After many years and many billions of dollars of spending, the cybersecurity problem is getting worse, according to a May 22, 2017 Harvard Businss Review article:
- Cybersecurity is not just a technical problem. Economics, human psychology and many other disciplines play a part.
- Cyberspace rules are different than in the physical world. In the physical world there are borders, geographical areas where police, courts and governments have jurisdiction. In cyberspace, there are no borders. A threat can come from anyone, anywhere in the world, at any time.
- Legal and policy frameworks are lagging.
- What the role of governments vs private sector?
- What is the role of regulators?
- How can people around the world be held accountable for their actions?
Marcus Troiano will be presenting at the February 6, 2018 Governance Special Interest Group meeting in Toronto. Marcus is a Cybersecurity Strategy Advisor with a focus on providing innovative solutions to the complex security challenges his clients face. He has led and delivered cybersecurity strategy development and transformation projects for leading organizations and governments in Canada, the United States, Latin America, and Europe.
Marcus is based in Toronto, Canada, and is a Principal Consultant for Mandiant, a FireEye Company, the leader in helping organizations respond to, and proactively protect against, advanced cybersecurity threats.
Marcus was interviewed by Tom Koor, Chair of the Governance Special Interest Group on January 9, 2018. Tom has been a strategic advisor for 30 years, with Ernst & Young, Accenture, and Koor & Associates. He has helped CEOs, boards and the C-Suite think through and execute fundamental changes such as acquisitions, divestitures, reorganization and business model transformation.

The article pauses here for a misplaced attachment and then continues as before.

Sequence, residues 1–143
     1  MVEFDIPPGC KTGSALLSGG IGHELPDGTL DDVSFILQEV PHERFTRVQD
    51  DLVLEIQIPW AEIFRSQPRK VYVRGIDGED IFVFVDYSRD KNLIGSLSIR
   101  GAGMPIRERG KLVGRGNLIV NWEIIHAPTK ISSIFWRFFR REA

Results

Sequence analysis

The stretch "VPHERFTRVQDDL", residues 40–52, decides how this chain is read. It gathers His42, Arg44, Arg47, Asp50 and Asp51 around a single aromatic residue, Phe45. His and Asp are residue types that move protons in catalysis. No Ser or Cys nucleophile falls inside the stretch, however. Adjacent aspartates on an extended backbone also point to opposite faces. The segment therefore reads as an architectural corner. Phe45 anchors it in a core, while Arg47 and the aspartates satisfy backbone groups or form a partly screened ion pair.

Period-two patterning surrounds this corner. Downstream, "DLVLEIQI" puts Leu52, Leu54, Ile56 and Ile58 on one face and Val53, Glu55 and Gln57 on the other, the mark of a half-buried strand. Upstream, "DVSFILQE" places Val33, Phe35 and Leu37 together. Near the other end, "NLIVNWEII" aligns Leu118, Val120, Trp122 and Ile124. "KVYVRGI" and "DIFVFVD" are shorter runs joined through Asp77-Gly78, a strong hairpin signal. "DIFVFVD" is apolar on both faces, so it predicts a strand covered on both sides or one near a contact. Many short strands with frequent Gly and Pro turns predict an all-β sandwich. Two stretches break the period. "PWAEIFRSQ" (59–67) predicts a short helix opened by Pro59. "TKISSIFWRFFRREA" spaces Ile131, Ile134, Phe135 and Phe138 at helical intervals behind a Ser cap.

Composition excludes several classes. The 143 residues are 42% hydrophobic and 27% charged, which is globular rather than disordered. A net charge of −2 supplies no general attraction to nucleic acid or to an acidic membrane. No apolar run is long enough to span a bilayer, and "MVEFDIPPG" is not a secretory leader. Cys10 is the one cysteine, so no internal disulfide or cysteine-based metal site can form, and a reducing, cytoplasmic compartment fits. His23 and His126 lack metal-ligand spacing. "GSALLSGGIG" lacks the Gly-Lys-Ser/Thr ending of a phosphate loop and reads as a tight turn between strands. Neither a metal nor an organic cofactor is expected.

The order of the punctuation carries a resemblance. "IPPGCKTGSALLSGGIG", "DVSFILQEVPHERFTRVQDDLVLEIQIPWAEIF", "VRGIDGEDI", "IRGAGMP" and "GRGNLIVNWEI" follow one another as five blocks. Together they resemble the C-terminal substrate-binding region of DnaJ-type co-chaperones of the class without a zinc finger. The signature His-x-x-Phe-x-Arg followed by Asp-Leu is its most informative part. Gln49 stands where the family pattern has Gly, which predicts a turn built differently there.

Why is cyber security important to boards and to the consultants advising boards?
Cybersecurity is a major risk for all businesses and can impact: reputation, finances, confidence in the brand and even the ability to stay in business. The board needs to understand the significance of the risk and ensure management is taking the appropriate steps to prepare for and respond to the risks. In fact, they have a fiduciary duty to do so. Any consultant advising the board should understand how cybersecurity fits into the mix. With the impact as high at it is, cybersecurity needs to be a top consideration for the board, management, and their advisors.
What are some common misconceptions boards and management have?
There are 6 major misconceptions:
- “We’re not a target. Why would we be a target.” In fact, every organization and individual may be a target.
- “we don’t have significant ” Every company has information which is critical if it were stolen or simply made unavailable due to ransomware. There is also the potential to disrupt company operations or even endanger lives.
- “Cybersecurity is an information technology issue.” Technology is only part of the problem and only part of the solution. A variety of people and management processes need to be examined in the light of “faked” emails, “faked” websites, and other social engineering threats.
- “The state sponsor hackers would not be interested in a company like us.” State sponsored hackers are attacking a broad range of companies, organizations, government seeking not only to obtain a variety of information (such as intellectual property and political information) but also to spread misinformation. There are lots of criminals targeting both large and small organizations seeking large and small amounts of money.